Friday's ed news:
1. View an interactive map of graduation rates  by state and ethnicity.
2. Virginia Gov. Bob McDonnell suggests increasing teacher pay 2 percent  in exchange for lengthening the time it takes a teacher to get tenure.
3. A legislative audit predicts the Common Core will cost Kansans $34 to $63 million  over the next five years.
4. A streaking teacher's firing  indicates the power of New Jersey's new tenure law.
5. Outgoing Indiana Superintendent Tony Bennett discusses his move to Florida .
6. A Kansas efficiency task force calls for reviewing union contracts .
7. Connecticut trades No Child Left Behind for school grades .
8. West Virginia's deeply underfunded teacher pensions mean it must devote millions of dollars to the past , shortchanging the future, write Charleson Daily Mail editors.
9. Linda Darling-Hammond, who dislikes using tests to measure teachers, has been elected chair of California's teacher credentialing commission .
10. A literacy professor lists his top five myths about the Common Core .
Thurdsay's ed news:
1. View the top five news media hits and misses on 2012 education stories.
3. "The most secure way to predict whether an educational policy is likely to help restore the middle class and help the poor is to focus on the question: "Is this policy likely to translate into a large increase in the vocabularies  of 12th-graders?" writes E.D. Hirsch.
5. States have $325 billion in unfunded teacher pension liabilities- -the difference between what teachers will get and what states have saved to pay them.
6. Mississippi lawmakers start talking education  with scores of parents and tea partiers, and they want school choice.
8. Kansas' board of education unanimously approves keeping cursive  in state schools.
9. RiShawn Biddle picks the top eight education reform books  of 2012.
10. New Jerseyans question state education grants made by a private foundation .
Wednesday's ed news:
2. Hundreds of apps promise to help children learn but have no basis in research or teaching experience , says a new report.
3. An Arizona legislative panel voted to support the state's tax-credit-funded vouchers .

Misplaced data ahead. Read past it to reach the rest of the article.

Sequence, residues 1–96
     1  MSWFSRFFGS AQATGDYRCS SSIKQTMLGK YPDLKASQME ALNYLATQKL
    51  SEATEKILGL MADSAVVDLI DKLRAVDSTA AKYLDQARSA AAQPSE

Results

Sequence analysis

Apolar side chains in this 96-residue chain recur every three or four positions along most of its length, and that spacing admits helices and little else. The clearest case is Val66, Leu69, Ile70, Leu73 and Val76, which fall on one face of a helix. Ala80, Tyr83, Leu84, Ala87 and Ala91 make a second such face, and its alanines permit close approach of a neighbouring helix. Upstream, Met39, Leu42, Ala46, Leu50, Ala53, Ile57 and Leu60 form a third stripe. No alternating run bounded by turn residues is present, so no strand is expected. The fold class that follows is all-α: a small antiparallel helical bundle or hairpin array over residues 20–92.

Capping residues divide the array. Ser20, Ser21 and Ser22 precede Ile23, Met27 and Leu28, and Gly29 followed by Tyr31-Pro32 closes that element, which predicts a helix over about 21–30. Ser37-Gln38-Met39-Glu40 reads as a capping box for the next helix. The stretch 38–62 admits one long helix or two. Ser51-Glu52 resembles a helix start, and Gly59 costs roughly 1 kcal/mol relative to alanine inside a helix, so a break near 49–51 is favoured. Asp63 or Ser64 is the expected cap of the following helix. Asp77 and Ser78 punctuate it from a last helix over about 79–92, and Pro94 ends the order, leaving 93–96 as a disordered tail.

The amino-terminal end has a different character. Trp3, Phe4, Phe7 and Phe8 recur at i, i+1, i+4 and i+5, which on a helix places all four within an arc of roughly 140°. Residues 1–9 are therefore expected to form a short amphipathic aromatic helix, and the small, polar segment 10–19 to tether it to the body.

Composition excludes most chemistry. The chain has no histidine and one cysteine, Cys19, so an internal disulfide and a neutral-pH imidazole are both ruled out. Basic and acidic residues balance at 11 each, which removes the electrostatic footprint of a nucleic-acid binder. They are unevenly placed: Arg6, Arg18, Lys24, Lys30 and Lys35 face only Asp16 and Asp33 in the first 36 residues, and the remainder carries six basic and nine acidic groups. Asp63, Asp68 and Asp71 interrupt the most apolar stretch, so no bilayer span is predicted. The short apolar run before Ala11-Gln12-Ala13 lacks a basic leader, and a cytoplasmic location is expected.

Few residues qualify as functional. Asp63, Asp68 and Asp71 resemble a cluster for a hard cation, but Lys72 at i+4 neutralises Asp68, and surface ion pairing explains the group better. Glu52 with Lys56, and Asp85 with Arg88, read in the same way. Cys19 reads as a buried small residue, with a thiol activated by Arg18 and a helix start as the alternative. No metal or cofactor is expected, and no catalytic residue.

4. An Idaho school district is in hot water with citizens after secretly giving a superintendent $220,000  to leave.
5. The latest national test scores show no average improvement in reading, but do demonstrate students with vocab power perform better .
6. This article summarizes recent state unrest about adopting the Common Core .
7. Georgia schools the state rates A or B will be given freedom to govern themselves  as long as they meet curriculum requirements.
8. Kansas legislators consider allowing concealed carry on campus .
9. A Republican candidate for Montana superintendent  may have won election, but she won't know because she can't pay for the recount.
10. Nashville's school board decides not to sue the state over funds the state withheld because the board refuses to consider charter school applications .
Tuesday's ed news:
3. Bill Ayers  gives lefties education advice.
4. The New York Times holds a symposium on the Common Core education standards  two years after nearly all states passed them.
5. A second attempt to pass a bill that would let schools fire teachers who molest students  will indicate how brazen California's teachers union will be about owning the state legislature, says Mike Antonnuci.
6. Education advocates' slogan, says Rick Hess: "Screw the kids, let's keep borrowing ."
7. Fifty-nine illegal residents  avail themselves of in-state Rhode Island tuition.
8. A New Jersey school district agrees to let homeschool students play public school hockey .
9. Tennessee has no idea how effective its teacher training programs  are.